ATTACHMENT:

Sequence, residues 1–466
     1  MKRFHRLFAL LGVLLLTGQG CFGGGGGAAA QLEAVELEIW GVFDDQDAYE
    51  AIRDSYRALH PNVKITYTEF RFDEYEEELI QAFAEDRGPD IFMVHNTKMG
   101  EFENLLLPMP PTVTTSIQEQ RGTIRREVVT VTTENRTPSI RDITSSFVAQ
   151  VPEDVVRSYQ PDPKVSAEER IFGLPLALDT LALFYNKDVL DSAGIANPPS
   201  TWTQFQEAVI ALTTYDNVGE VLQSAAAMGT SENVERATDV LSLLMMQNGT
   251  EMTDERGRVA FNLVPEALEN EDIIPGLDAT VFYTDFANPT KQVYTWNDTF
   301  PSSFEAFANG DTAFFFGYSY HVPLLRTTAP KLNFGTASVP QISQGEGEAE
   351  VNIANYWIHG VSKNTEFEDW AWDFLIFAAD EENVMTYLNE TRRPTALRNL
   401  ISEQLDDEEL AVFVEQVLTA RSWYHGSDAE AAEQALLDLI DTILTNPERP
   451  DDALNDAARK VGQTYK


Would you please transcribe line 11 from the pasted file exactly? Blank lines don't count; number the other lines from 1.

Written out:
   451  DDALNDAARK VGQTYK